“You Logans must be as simple-minded as people say.”
Steven Soderbergh knows how to make a hell of a comeback, but does it even feel like he left at all? A few years after announcing his retirement from filmmaking, the man has done nothing but keep himself busy, from producing several projects (The Girlfriend Experience, Red Oaks) to helming The Knick on Showtime and Behind the Candelabra for HBO, spoiling audiences all the same with his presence and talents. With Logan Lucky, it’s clear that the beloved director has not missed a single beat, finding his groove all too easily with a cast of misfits at the center, and to thrilling, hilarious results. Logan Lucky is more than a hillbilly heist comedy – it’s also one of the most cleverly written movies in theaters this summer, and with a gang of redneck goofballs to lead the charge, it marks a welcome return to cinemas for the filmmaker himself.
Logan Lucky also sees Soderbergh in his fourth collaboration with Channing Tatum, but it’s only now that this former Tatum skeptic has at last seen the light, understanding what the director has seen in the everyman beefcake all along. As Jimmy Logan, Tatum puts on his best (or worst?) Southern accent, and proves himself as quite effective and sincere, leading the charge as a down-on-his-luck mine worker from West Virginia whose main motivation is his young daughter, Sadie (Farrah Mackenzie). The thing is, after somebody from HR notices that he has a limp (which occurred after an unfortunate incident in his high school football days), his employer is forced to let him go, seeing him as an insurance liability. But desperate times call for desperate measures, and Jimmy isn’t keen on giving up.
His brother, on the other hand, sees their fates as nothing but cursed. Adam Driver plays Clyde, Jimmy’s “loser” young brother, an Iraq veteran who lost his hand in the war, thus with a prosthetic that serves as quite possibly his most favorite thing in the world. While he gets wrapped up in his brother’s antics by day, Clyde is a bartender by night, serving customers old and new at a bar comically called Duck Tape. Despite Clyde’s inherent cynicism, Jimmy manages to rope him into pulling a heist on the Coca-Cola 600, one of NASCAR’s biggest races of the year. After all, since Jimmy worked the mines at the Charlotte Motor Speedway, he knows precisely how they shuffle the money around through an elaborate set of pipes just beneath the surface, all leading to a motherlode of cash that would surely satisfy them for the rest of their lives. Naturally, of course, their plan and its execution aren’t without a hilarious series of hijinks or fuck-ups.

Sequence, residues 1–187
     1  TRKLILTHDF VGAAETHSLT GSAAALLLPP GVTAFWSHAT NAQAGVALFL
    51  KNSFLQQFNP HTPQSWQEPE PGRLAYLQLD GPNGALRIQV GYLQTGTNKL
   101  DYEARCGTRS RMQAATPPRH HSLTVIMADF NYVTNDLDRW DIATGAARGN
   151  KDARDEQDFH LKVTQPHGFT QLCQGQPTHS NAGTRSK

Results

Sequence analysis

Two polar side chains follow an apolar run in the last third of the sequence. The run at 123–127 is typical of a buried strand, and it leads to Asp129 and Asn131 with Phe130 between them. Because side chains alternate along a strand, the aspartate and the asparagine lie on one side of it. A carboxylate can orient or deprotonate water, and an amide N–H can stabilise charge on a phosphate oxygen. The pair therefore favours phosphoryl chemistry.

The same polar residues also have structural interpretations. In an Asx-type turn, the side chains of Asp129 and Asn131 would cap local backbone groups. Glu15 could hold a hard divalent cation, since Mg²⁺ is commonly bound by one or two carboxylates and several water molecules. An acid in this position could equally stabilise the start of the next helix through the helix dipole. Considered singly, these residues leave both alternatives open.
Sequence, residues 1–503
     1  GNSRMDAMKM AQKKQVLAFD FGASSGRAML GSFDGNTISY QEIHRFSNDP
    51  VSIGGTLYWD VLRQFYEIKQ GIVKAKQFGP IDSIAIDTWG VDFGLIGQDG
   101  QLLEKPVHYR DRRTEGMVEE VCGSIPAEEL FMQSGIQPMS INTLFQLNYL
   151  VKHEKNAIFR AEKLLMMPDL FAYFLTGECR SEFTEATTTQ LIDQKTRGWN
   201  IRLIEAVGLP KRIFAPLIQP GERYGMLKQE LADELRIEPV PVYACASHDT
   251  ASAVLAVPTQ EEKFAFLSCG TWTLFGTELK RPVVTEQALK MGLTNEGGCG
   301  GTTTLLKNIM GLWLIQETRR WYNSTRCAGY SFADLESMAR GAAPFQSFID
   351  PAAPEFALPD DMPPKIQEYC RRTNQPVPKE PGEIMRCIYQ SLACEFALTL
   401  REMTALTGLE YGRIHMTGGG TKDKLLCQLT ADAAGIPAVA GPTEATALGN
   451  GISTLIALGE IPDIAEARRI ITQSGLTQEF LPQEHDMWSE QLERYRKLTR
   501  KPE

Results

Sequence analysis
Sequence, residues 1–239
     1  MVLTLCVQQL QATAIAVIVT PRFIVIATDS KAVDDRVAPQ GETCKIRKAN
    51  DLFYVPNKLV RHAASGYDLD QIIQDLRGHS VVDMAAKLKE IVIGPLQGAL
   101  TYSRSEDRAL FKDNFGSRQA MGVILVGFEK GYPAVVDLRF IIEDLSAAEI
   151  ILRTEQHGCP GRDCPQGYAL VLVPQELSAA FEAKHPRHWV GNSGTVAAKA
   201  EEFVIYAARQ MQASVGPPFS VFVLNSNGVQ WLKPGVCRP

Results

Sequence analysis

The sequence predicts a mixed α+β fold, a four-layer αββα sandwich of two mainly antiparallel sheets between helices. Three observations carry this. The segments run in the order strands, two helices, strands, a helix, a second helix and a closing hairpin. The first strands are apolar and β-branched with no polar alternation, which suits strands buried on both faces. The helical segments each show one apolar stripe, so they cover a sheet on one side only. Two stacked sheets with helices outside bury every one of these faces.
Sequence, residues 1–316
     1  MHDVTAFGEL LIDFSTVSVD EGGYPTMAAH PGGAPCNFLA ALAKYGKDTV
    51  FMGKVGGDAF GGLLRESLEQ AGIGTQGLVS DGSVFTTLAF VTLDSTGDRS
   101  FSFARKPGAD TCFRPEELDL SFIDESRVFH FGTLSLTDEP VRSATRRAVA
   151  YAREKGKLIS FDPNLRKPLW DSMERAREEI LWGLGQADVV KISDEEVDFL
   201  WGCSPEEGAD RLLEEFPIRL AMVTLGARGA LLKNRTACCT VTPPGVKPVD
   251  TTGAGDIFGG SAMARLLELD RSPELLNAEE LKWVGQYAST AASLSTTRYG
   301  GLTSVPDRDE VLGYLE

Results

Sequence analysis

To pull this off, they must recruit a convict named Joe Bang (Daniel Craig, in one of his best, most memorable turns), who is notorious for his ability to break into highly-secured banks. The thing is, of course, is that Joe is still incarcerated, and the brothers must find a way to pull him out of prison during the day for the heist, only to later return him to prison unscathed and unfound. As Joe, Craig has a blast and makes for an utter delight to watch, reminding us that he is far more than his James Bond talents have served him. As a bleach blonde, science-loving hillbilly, Craig is a total standout among an already brilliantly-casted set of characters, providing plenty of comic relief on top of an already hilarious script.
Rounding out the gang is the third Logan sibling, Mellie (Riley Keough, another frequent Soderbergh collaborator), a beauty salon pro who is as good with teasing hair as she is with fixing cars. Almost completely surrounded by men, Mellie more than holds her own, multitasking behind the scenes as she assists her brothers in the operation while dutifully playing aunt duties as Sadie prepares for her big pageant. To add to the hilarity are Joe’s own dumb-as-rocks brothers, Fish (Sam Quaid) and Sam (Brian Gleeson), both of whom spend their days sleeping in their underwear when they aren’t bobbing for pigs at the local Easter festival. Ocean’s 7-Eleven, this certainly is.
As this group of camouflage-sporting, trucker hat-loving gang attempt to pull off the impossible, they do so with very little grace but a whole lot of charm, making for an easy set of protagonists to root for. Ridiculous as the whole thing sounds, Soderbergh clearly has an affinity for these characters, letting scenes breathe slowly to revel in their hilarity. Logan Lucky is an absolute blast, but what makes it so good is how easy Soderbergh makes it all look, proving his deft, necessary touch as a filmmaker.